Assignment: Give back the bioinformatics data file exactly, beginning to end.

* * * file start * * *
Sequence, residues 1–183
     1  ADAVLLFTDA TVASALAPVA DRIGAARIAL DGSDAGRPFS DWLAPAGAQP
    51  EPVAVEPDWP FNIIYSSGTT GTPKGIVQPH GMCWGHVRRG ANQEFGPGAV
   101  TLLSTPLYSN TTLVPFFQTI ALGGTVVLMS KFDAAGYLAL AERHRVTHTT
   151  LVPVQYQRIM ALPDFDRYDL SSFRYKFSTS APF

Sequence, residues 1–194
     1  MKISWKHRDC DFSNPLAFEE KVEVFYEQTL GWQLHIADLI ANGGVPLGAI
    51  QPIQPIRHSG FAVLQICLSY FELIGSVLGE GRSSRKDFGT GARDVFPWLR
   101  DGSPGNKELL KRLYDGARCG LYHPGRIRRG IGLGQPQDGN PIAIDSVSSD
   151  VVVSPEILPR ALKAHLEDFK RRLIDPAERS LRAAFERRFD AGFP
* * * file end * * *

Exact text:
Sequence, residues 1–183
     1  ADAVLLFTDA TVASALAPVA DRIGAARIAL DGSDAGRPFS DWLAPAGAQP
    51  EPVAVEPDWP FNIIYSSGTT GTPKGIVQPH GMCWGHVRRG ANQEFGPGAV
   101  TLLSTPLYSN TTLVPFFQTI ALGGTVVLMS KFDAAGYLAL AERHRVTHTT
   151  LVPVQYQRIM ALPDFDRYDL SSFRYKFSTS APF

Sequence, residues 1–194
     1  MKISWKHRDC DFSNPLAFEE KVEVFYEQTL GWQLHIADLI ANGGVPLGAI
    51  QPIQPIRHSG FAVLQICLSY FELIGSVLGE GRSSRKDFGT GARDVFPWLR
   101  DGSPGNKELL KRLYDGARCG LYHPGRIRRG IGLGQPQDGN PIAIDSVSSD
   151  VVVSPEILPR ALKAHLEDFK RRLIDPAERS LRAAFERRFD AGFP